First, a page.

to kneel or not to kneel? the power of a knee

Actions speak louder than words.  At least they are supposed to, according to this well known maxim.  But the silent action of a solitary football player has sparked a war of words.  A war that continues to escalate in intensity and impact.  A war that continues to expand outward from football into other arenas of our daily lives, if you will.  The ripple effect is in effect and the end is not in sight.

Irony fills every aspect of this controversy, brought about by one player’s initial action of taking a knee during the National Anthem.  Traditionally and historically, kneeling is seen as a sign of utmost respect and humility, both cross culturally and across religious lines as well.   But the objection being raised to this action of taking a knee is that it is disrespectful to our flag, our veterans and our country.  And indeed, it was intended as a protest of current social and racial injustices occurring in our country.

Point of view seems to be vital to understanding the many perspectives involved in the national dialogue that is the ripple resulting from this initial casting of the stone upon the water, if you will.  The surface may have appeared calm at the time, but turbulence swirling just beneath the surface is again being revealed for all to behold.  And what we behold we are forced to face.  And when we have the courage to face what has been revealed, we can find a way to forget our fears and forge ahead toward something new and full of promise.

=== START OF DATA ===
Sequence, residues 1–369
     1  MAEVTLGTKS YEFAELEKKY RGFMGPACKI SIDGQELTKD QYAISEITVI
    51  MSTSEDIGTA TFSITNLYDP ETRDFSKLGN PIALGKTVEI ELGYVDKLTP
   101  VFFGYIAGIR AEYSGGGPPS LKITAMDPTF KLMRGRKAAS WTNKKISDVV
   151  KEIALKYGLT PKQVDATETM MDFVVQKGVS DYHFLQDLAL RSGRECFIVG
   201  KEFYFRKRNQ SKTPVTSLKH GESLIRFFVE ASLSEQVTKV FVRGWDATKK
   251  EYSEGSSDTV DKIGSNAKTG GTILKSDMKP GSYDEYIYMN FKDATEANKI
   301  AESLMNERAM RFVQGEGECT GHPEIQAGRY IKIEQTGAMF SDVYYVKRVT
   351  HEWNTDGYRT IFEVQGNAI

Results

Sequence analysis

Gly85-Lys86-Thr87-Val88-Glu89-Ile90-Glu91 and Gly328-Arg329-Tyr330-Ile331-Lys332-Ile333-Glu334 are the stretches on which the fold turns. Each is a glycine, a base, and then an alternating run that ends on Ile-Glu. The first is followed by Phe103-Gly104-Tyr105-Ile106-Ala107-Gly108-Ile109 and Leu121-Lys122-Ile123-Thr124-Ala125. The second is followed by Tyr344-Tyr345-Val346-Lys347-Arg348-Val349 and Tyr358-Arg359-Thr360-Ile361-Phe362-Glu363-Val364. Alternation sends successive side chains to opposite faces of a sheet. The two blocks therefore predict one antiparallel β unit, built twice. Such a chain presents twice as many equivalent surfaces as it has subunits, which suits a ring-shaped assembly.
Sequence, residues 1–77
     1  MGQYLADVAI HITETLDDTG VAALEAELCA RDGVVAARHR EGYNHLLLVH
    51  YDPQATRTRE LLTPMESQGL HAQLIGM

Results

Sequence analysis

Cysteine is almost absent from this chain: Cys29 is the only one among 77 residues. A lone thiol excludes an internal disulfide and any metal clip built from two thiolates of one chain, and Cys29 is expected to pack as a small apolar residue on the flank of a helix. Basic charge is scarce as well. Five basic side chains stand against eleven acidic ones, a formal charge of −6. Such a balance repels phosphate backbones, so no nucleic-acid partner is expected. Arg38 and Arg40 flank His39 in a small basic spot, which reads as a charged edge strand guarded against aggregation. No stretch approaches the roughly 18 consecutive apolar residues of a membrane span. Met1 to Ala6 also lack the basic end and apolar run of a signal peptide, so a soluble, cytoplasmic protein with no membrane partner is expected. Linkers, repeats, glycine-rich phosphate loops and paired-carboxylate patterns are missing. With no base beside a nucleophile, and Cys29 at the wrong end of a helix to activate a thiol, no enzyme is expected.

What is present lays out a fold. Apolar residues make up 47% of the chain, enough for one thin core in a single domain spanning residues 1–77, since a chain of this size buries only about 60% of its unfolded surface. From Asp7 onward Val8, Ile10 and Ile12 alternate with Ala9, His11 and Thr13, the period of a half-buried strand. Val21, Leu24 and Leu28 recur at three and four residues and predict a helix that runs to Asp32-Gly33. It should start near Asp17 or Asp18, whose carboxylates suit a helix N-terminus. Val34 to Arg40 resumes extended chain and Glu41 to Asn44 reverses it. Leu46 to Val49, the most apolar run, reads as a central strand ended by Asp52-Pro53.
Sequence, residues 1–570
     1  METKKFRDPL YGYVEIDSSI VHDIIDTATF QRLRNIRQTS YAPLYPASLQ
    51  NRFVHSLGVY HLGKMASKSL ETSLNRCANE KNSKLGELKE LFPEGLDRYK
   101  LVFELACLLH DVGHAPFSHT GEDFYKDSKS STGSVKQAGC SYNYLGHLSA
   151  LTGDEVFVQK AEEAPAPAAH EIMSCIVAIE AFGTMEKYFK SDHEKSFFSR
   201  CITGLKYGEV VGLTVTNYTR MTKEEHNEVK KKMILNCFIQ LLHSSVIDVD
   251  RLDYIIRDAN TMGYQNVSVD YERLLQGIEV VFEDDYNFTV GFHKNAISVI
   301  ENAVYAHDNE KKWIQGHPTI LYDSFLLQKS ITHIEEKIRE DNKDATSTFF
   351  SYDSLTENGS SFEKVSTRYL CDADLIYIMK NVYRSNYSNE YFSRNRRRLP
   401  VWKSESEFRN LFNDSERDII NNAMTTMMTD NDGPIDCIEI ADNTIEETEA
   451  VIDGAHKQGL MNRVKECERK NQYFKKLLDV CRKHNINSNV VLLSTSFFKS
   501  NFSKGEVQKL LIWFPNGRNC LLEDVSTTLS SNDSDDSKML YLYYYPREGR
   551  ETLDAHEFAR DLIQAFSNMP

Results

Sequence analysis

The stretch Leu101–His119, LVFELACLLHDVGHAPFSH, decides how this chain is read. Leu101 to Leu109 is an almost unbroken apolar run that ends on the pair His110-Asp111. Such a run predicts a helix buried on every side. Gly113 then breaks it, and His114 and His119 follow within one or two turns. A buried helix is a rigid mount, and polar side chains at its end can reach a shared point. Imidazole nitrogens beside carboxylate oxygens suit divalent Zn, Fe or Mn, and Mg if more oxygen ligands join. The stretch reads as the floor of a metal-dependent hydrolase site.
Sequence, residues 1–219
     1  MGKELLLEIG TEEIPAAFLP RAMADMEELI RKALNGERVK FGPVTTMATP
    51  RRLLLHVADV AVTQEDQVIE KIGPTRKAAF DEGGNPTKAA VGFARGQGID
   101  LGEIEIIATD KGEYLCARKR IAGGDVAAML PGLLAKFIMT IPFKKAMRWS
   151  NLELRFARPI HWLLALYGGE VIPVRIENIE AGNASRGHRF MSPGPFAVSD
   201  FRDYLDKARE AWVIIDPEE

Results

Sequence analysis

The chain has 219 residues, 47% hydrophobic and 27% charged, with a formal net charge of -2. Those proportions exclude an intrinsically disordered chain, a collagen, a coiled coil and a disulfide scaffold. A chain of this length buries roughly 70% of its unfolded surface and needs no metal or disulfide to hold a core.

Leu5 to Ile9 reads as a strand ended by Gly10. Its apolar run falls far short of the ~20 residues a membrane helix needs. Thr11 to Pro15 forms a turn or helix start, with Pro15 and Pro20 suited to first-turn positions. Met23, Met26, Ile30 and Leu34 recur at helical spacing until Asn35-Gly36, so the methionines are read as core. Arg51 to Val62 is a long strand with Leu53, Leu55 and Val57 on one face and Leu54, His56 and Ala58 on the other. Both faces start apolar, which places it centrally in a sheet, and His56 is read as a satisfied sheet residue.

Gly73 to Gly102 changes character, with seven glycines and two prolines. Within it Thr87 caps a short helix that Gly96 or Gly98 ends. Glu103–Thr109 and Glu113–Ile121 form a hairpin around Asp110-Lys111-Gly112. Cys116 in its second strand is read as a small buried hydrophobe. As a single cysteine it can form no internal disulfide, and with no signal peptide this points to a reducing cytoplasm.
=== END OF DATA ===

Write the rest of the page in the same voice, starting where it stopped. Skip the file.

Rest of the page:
Let’s start with the booing taking place at these NFL games during the national anthem.  NOT COOL.  Remember,  actions speak louder than words.  (or noises)  So, stand up tall, remove your hat (if need be),  put your hand over your heart and give your honor and respect to your country and to those who have fought for your freedom in this way.  These actions are a personal, powerful, peaceful statement of your position and doing this speaks far louder than your booing ever could.

Likewise, the taking of a knee, is a personal, powerful, peaceful statement of  one’s position. It speaks with eloquence and purpose.  In comparison, booing is weak. Booing is lame.  So enough with the booing already.  Sit, stand or kneel,  what we are witnessing as we see and comment on these players’ protests, is American freedom in action.  These players are free to express their views without fear of being beheaded, without fear of being imprisoned, without fear of losing their jobs and without fear of being silenced.